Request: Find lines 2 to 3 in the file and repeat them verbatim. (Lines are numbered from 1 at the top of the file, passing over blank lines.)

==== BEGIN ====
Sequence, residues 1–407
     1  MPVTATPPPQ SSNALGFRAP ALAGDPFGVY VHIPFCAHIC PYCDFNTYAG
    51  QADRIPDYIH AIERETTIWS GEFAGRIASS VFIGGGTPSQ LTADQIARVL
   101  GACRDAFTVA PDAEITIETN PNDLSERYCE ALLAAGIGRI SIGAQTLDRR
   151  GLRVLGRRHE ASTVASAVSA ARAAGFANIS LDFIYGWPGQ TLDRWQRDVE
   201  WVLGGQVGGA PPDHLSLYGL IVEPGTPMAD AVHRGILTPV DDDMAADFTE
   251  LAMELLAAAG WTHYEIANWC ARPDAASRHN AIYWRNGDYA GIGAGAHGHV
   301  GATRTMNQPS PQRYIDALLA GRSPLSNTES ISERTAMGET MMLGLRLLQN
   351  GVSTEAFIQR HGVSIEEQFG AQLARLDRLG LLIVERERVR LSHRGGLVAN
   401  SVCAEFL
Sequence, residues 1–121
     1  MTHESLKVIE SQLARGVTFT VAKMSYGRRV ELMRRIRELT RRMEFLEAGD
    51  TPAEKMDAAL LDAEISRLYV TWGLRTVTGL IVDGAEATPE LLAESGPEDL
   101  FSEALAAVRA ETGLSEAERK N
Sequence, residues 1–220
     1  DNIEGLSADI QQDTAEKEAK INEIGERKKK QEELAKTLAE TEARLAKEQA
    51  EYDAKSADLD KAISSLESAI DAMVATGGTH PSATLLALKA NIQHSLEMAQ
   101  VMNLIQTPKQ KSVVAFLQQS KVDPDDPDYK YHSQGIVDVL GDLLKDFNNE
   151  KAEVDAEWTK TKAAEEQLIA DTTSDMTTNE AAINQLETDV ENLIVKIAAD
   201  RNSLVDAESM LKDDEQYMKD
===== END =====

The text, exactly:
     1  MPVTATPPPQ SSNALGFRAP ALAGDPFGVY VHIPFCAHIC PYCDFNTYAG
    51  QADRIPDYIH AIERETTIWS GEFAGRIASS VFIGGGTPSQ LTADQIARVL